You want to work in an environment where the ambient light is lower than that of your display, but not in complete darkness. The monitor luminance should always be the brightest light source in the room, so your eyes adapt to its gray balance.

We recommend having the monitor about 30-40cd/m2 brighter than the room brightness. This is enough for your eyes to adapt to your monitor instead of ambient light and it is still comfortable and not too tiring to your eyes.  Note from Daniel: the ambient light in the room where I work is very dim (about 40-50 cd/m2), which allows me to have my monitor brightness to be set to 80-90cd/m2 max, which is also not very bright.

Avoid bright reflections, or any direct light on your display. Ideally you should aim to have some soft indirect light source slightly behind or above the monitor. Drawing the curtains or setting your display in such a manner that there are no strong reflections will go a long way to help your eyes perceive the color you view on your display more accurately.

Avoid bright colored paint on the walls. There is special neutral gray paint available to avoid any color casts that may occur from brightly colored walls in your workspace.

I, for one, have never gone to such extreme measures and even though it’s a recommended best practice it seems completely impractical. Can you imagine having gray colored walls? Going with something more neutral though is recommended. You can imagine what staring at a brightly colored red wall behind your monitor will do to your perception of color as your brain will constantly be trying to adapt between the two.

In that same vein, and this is something that both Daniel and I do, try to avoid brightly colored desktop backgrounds. I set my desktop to a neutral medium gray when doing any color critical work. It’s not as pretty or inspiring as a beautiful piece of art or a scenic photo may be but an easy sacrifice to make in order to give my eyes the best chance to accurately perceive color.  It’s also good to switch to back to your desktop to from time to time especially when working on brightly colored images or using “help layers” like a solar curve while working.

workspace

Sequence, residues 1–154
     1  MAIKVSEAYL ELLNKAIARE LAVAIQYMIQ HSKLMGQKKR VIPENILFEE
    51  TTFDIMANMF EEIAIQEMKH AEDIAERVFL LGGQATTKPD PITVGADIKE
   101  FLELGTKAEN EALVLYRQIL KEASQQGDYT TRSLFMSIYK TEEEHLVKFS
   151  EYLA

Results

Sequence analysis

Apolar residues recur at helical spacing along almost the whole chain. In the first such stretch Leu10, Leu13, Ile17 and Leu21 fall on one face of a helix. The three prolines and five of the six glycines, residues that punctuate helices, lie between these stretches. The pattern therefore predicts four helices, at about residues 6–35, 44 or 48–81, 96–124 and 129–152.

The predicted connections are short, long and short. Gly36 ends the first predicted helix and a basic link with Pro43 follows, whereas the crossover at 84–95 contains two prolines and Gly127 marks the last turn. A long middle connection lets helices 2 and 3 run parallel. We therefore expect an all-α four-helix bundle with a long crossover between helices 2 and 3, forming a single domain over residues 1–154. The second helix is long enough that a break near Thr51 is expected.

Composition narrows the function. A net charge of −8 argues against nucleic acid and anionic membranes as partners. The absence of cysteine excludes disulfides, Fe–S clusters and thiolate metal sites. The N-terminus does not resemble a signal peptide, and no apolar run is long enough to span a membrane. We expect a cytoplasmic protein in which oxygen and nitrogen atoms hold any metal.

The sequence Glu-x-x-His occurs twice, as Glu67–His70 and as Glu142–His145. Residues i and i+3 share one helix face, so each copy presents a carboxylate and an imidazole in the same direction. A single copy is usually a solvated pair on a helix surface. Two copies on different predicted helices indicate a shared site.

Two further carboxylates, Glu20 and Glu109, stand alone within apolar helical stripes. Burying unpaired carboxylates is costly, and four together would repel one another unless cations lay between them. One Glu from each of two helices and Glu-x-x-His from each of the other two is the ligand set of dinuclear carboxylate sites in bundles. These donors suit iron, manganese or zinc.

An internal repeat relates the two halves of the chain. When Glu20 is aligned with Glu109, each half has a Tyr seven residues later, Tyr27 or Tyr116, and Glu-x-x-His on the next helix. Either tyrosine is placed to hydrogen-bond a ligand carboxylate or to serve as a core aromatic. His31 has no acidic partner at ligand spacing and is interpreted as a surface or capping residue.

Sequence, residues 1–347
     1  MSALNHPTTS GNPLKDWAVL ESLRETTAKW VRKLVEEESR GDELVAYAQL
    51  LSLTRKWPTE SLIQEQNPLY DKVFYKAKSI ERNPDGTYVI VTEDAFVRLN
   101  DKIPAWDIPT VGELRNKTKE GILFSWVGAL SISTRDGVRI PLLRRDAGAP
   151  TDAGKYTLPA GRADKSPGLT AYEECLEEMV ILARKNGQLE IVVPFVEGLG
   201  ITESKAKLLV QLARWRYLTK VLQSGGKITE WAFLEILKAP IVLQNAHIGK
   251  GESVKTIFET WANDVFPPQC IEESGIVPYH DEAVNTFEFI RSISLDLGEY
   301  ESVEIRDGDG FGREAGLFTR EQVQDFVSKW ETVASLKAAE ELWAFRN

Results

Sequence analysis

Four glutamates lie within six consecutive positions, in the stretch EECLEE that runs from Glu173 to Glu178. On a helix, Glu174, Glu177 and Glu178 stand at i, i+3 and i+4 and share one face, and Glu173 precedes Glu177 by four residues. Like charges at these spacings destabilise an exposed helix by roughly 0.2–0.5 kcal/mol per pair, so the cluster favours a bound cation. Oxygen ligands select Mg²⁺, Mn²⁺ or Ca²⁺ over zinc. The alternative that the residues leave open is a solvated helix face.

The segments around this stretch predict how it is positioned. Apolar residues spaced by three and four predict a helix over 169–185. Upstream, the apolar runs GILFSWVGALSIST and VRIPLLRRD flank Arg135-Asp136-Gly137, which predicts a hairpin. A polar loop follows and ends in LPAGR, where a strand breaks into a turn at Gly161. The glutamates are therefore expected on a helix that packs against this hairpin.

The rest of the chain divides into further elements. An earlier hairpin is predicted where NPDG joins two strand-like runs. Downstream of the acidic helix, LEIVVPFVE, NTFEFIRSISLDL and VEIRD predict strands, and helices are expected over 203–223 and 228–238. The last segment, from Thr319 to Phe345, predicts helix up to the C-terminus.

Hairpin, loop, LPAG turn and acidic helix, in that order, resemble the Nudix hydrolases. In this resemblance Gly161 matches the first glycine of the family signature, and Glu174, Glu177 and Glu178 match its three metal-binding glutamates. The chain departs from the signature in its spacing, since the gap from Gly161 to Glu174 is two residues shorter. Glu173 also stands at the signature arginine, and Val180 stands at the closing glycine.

Wall art by Bella Kotak and Jean Osipyan

Step 4: Using Your Colorimeter & Setting Calibration Targets

All of the above mentioned software tools offer a step-by-step guided walk through of how to go about calibrating your device. They generally have a linear workflow that involves:

  1. Preparation. Prevent any strong light from illuminating your display directly, as it might reflect into the sensor of your calibration device.
  2. Selecting your target values (see below for our recommendations).
  3. Calibration stage. Calibration means interactively adjusting your display settings to match the target values of gray balance, luminance and contrast levels. This is where your display is set to its optimal conditions for the target values you have chosen.
  4. Profiling stage. Profiling is the process of characterizing an output device, measuring how it responds to known input values, and where detailed corrections are created by the hardware and software simultaneously. Once this stage is complete all of the found information is written into a device specific profile (not the same as device link profile). The result is a unique characterization of one single device, its parameters and its custom color translations. The profile type can be an ICC profile or a 3D LUT.

This step of the process can often be frustrating because there is too much information available regarding this topic. Now, we have the option of going into great depth regarding luminance, white point targets, gamma curves, contrast and all that fun stuff. However, these topics have been covered in depth in myriads of articles on the web, and if you’re a newcomer to color management and calibration it will only serve to leave you confused with your head spinning in a hundred different directions.

For the purpose of this guide we’re going to offer you simple best practice suggestions for a Retouching, Design, or Photography centric workflow that best accommodates output to both digital as well as print media.

It’s a middle of the road approach that has served us well over the years. It’s worth noting that there are specific contexts that you may want to calibrate too. This ‘middle of the road’ approach is our recommendation for those of you just starting out.

I myself have used these targets for both commercial printing and retouching and have never had any trouble. The critical thing is ensuring that you have accurate color. After that, proper color management takes over and your images can easily be translated for a host of different media and applications. That’s one of the true beauties of calibration and color management.

Here are some commonly used working specs:

  • Office Web Standard: D65, Gamma 2.2
  • Photo Standard for print: D50, Gamma 2.2
  • Soft proof D55, 160cd/m2, L*
  • Prepress D50, 130cd/m2, L*

It’s important to note that prepress and softproof workstations follow specific target values that conform to ISO standards to be a legal reference for proofing. They have to carefully set up the space and maintain consistent conditions. In our experience we seldom need to calibrate to those specific targets when implementing proper color management.

OUR RECOMMENDATIONS FOR RETOUCHERS:

Luminance: 100 – 120 cd/m2. Depending on the brightness of your work environment this number may be slightly lower or slightly higher. See above section for recommended workspace environment. It’s helpful to know that the luminance level isn’t as critical as long as you’re roughly in this range.